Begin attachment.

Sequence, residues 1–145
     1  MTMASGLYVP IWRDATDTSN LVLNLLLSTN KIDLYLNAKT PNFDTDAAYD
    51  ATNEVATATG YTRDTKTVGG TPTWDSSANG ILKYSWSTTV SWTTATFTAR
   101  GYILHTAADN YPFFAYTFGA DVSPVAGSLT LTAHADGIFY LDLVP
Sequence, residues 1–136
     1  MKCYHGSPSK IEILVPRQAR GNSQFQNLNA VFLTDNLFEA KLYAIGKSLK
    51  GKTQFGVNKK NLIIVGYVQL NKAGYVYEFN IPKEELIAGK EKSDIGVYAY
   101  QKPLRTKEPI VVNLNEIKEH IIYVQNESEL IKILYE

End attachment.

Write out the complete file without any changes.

Sequence, residues 1–145
     1  MTMASGLYVP IWRDATDTSN LVLNLLLSTN KIDLYLNAKT PNFDTDAAYD
    51  ATNEVATATG YTRDTKTVGG TPTWDSSANG ILKYSWSTTV SWTTATFTAR
   101  GYILHTAADN YPFFAYTFGA DVSPVAGSLT LTAHADGIFY LDLVP
Sequence, residues 1–136
     1  MKCYHGSPSK IEILVPRQAR GNSQFQNLNA VFLTDNLFEA KLYAIGKSLK
    51  GKTQFGVNKK NLIIVGYVQL NKAGYVYEFN IPKEELIAGK EKSDIGVYAY
   101  QKPLRTKEPI VVNLNEIKEH IIYVQNESEL IKILYE